Emotiva DMC-1 Preamp/Processor and MPS-1 Multichannel Power Amplifier Measurements
All measurements were made in balanced mode unless noted otherwise.
The Emotiva MPS-1's balanced frequency response was -0.57dB at 10Hz, -0.16dB at 20Hz, -0.46dB at 20kHz, and -2.54dB at 50kHz. Its single-ended frequency response was -0.58dB at 10Hz, -0.16dB at 20Hz, -0.12dB at 20kHz, and -0.71dB at 50kHz. The amplifier's S/N ratio (A-weighted, 10Hz-24kHz, 2.83V@8Ω) measured –86.9dB (single-ended) and -92dB (balanced). Its gain measured 25.9dB (balanced) and 27dB (single-ended).
THD+noise at 2.83V into 8Ω measured 0.016% at 20Hz, 0.015% at 1kHz, and 0.015% at 20kHz. At 2.83V into 4Ω, the corresponding results were 0.015% at 20Hz, 0.016% at 1kHz, and 0.015% at 20kHz.
Driving all seven channels into 8Ω, the MPS-1 delivered 169Wpc at 20Hz and 175Wpc at 1kHz (to the nearest watt) before clipping (1% THD+noise). The channel measured, in position #1, failed during the 20Hz test and did not recover.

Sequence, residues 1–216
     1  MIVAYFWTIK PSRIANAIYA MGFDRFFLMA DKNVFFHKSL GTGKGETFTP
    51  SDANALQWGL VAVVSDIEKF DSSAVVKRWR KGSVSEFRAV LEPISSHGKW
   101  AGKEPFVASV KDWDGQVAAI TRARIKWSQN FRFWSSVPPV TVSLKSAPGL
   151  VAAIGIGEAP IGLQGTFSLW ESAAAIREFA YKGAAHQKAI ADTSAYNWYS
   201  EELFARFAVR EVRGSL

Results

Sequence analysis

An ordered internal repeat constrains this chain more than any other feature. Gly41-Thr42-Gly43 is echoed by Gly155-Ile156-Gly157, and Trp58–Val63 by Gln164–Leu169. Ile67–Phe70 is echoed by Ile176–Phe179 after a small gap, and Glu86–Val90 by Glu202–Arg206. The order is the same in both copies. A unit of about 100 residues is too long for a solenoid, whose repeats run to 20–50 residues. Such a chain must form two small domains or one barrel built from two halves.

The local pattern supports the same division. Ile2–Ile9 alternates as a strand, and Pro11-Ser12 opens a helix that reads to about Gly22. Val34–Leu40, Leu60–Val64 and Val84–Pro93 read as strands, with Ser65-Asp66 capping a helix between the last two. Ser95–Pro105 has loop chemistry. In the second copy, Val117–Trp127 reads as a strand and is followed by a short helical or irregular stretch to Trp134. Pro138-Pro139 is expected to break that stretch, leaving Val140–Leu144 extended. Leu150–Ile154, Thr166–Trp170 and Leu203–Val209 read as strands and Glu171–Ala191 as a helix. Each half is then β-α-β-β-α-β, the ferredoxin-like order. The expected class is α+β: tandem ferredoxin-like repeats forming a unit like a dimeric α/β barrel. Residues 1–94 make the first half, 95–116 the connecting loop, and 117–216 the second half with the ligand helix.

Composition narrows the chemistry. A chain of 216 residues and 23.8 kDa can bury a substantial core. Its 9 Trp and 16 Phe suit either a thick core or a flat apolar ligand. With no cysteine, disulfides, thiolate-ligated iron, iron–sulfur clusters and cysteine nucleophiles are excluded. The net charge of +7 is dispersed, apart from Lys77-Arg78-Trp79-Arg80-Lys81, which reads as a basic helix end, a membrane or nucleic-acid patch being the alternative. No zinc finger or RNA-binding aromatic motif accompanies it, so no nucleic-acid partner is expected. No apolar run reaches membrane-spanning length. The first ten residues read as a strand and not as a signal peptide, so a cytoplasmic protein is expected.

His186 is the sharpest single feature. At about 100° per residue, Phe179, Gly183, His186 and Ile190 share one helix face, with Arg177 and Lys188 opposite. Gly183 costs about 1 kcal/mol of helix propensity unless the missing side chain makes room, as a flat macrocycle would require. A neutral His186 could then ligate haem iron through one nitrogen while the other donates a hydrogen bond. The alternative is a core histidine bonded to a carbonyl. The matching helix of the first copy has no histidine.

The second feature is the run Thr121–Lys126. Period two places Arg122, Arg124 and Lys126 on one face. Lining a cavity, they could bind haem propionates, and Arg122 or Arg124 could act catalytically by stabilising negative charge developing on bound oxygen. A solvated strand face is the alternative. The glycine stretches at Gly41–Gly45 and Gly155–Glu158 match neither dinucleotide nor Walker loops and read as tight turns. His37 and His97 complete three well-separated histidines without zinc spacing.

Into 4Ω, with the remaining six channels operating, the MPS-1 delivered 215Wpc at 20Hz and 245Wpc at 1kHz.
With only two channels operating, at 1kHz, the Emotiva clipped at 187Wpc into 8Ω and 280Wpc into 4Ω.
Comment: We were surprised to see an amplifier channel fail on the test bench. This is rare, but test-bench procedures do stress an amplifier to the max—a situation rarely encountered in real-world operation at 20Hz with all seven amps operating. But the defective module SS experienced in the same amplifier bay does raise some concern. The replaceable modules in the MPS-1 should make correcting any such problem in the field a relatively simple matter. Our experience with a wide range of electronics suggests that such failures normally happen early in a product's life—or when it's in the hands of a reviewer!—TJN